During the Fukushima quake and tsunami, we were constantly reassured that although there was a radiation leak from the reactor, the actual level of radiation was minimal and there was no cause for concern. Being exposed was equivalent to taking a long aircraft flight.
We just had dinner with a young man - a friend of Lulu's niece - who was serving on the USS Essex and now has about seven years of life left.
A few months after the incident, other newer stories vied for our collective attention and the concerns of Fukushima fell by the wayside. Looking back at the reporting, we find that the radiation stories are now starting to come out and there is, in fact, a class-action lawsuit against TEPCO for misinforming the US Navy and other first responders.
From 2011 - a week after the quake - from CNN:
Navy says radiation releases pose challenging environment
The ongoing radioactivity releases from damaged nuclear reactors in Japan after last week's historic earthquake are creating "one of the most challenging humanitarian operations ever conducted," according to Cmdr. Jeff Davis, a spokesman for the U.S. Navy's 7th Fleet in Japan.
Davis said Tuesday that for the second time, U.S. helicopter crews have been exposed to elevated, albeit low, levels of radiation during flights near Japan's nuclear reactors. In addition, the Navy is moving three incoming ships to a new location because of "radiological and navigation hazards" at their intended destination on the eastern coast of Honshu, according to Davis.
Just as in an incident on Sunday, the crew members were stripped of contaminated clothing, scrubbed down with soap and water and tested. In all cases, they no longer tested positive for radiation exposure.
Nothing to worry about - move along folks...
From the December 2013 London Daily Mail:
51 U.S. sailors now claim they were poisoned by nuclear meltdown at Fukushima
The number of U.S. sailors who claim to have been poisoned by radiation while serving during the 2011 tsunami in Japan - resulting in cases of leukemia, thyroid and testicular cancers, chronic bronchitis and brain tumors - has jumped to 51, as the group continue to fight the company they say didn't report the contamination when it happened.
The U.S. Navy members who were allegedly infected - who served aboard the USS Ronald Reagan and its sister ship the USS Essex - started to develop strange symptoms and sicknesses in the months following their mission near the Fukushima nuclear power plant, such as lumps, night sweats and dramatic weight-loss.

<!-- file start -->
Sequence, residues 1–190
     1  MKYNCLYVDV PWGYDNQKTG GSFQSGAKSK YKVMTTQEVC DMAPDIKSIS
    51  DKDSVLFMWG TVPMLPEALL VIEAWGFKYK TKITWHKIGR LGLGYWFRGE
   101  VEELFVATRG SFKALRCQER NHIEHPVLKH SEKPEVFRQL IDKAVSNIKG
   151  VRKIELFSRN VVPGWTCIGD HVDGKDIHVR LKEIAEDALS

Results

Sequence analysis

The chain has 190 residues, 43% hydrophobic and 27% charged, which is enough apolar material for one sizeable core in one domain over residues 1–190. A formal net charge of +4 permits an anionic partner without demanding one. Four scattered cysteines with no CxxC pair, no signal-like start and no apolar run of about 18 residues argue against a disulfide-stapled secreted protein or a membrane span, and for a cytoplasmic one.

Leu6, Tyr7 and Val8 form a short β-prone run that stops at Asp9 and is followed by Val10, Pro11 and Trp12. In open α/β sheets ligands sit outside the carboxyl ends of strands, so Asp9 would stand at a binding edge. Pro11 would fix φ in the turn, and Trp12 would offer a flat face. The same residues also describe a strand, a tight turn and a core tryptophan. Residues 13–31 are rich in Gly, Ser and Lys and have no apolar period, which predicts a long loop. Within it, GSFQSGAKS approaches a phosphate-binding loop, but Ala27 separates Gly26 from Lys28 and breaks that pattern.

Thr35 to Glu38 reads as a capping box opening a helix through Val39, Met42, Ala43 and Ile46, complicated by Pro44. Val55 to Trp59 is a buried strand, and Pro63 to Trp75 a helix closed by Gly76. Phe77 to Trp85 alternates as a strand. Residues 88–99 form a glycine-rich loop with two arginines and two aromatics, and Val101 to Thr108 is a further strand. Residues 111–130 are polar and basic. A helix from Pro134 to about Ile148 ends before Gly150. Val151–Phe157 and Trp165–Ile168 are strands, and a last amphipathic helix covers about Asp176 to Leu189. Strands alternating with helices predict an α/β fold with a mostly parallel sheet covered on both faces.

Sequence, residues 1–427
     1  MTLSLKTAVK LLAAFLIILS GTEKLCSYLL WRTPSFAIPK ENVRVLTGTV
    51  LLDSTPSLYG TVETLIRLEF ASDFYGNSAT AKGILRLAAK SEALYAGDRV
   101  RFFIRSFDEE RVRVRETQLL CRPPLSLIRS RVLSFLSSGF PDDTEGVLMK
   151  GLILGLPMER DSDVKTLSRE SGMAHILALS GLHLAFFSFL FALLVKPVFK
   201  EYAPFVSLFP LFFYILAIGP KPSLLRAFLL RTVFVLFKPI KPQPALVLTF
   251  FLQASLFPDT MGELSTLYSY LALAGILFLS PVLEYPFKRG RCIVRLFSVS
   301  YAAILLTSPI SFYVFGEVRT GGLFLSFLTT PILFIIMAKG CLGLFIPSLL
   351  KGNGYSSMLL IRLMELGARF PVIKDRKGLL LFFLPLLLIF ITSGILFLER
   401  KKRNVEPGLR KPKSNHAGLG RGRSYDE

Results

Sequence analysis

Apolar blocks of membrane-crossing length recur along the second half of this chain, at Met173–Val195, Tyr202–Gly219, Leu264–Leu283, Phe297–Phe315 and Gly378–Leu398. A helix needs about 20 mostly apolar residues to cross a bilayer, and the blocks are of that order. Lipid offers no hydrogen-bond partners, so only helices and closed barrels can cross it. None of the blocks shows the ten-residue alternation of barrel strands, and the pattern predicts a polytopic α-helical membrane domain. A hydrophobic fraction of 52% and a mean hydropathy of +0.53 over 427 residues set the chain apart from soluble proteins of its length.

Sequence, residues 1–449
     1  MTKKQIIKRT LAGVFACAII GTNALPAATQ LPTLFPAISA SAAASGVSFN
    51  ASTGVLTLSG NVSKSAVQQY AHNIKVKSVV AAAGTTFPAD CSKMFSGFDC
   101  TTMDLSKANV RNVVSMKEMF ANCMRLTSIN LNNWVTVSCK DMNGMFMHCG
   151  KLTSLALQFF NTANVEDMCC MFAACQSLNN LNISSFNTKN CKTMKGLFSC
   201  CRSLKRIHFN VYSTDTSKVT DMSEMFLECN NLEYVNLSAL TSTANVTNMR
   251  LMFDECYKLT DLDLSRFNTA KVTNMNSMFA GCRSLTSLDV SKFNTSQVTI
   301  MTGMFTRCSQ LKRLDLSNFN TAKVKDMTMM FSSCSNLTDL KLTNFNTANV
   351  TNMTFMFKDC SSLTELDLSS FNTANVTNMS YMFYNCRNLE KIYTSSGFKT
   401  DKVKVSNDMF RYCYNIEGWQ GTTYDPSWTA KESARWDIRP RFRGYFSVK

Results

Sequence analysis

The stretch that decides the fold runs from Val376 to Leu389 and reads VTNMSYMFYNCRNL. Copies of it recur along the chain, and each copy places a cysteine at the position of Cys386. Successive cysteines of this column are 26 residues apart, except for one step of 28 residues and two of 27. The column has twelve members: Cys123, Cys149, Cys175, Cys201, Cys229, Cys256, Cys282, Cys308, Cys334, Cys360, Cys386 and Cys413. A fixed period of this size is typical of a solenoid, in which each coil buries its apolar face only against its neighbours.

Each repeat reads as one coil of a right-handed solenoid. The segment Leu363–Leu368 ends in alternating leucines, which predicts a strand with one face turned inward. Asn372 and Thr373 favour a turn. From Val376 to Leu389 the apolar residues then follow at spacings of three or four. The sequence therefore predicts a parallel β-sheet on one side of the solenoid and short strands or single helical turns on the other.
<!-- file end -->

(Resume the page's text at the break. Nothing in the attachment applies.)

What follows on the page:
Now the majority of the group who worked in the rescue effort have been diagnosed with an assortment of diseases, after their ships' desalination systems pulled in contaminated seawater that was used for drinking, cooking and bathing.
Their drinking water was radioactive - desalination will get rid of salts but only so much.
From the January 2014 Stars and Stripes:
Congress wants answers on health impacts of Japan disaster relief
Congress has instructed the Defense Department to launch an inquiry into potential health impacts on Navy first-responders from Japan’s March 2011 earthquake, tsunami and nuclear disaster.
The request, made in the explanatory statement from the House that accompanied the fiscal 2014 budget bill that passed Congress this month, comes as a growing number of sailors and Marines have joined a lawsuit against Tokyo Electric Power Co.
While the instruction is not law, Defense Department officials said that they were taking the request seriously.
About 50 sick sailors and Marines have accused TEPCO of lying about the risk of exposure, luring American forces closer to the affected areas and lulling others at bases across Japan into disregarding safety measures. These individuals claim to be suffering from exposure-related ailments such as unexplained cancers, excessive bleeding, thyroid issues and ailments including loss of muscle power, migraines and vision problems.
The suit was filed in federal court in San Diego in December 2012 seeking damages and funds to cover medical expenses. The original eight complainants were on the USS Ronald Reagan, but the suit has since expanded to include those who served aboard the USS Essex and USS Germantown as well as attached Marines.
TEPCO needs to be held to the fire and they need to pay for what they did. This will not save the life of the man I had dinner with tonight but it will serve to remind others of their responsibilities. I am reminded of that line in Candide (Battle of Minorca):
Dans ce pays-ci, il est bon de tuer de temps en temps un amiral pour encourager les autres.
In this country, it is wise to kill an admiral from time to time to encourage the others.
Call me old school but someone needs to hang for this...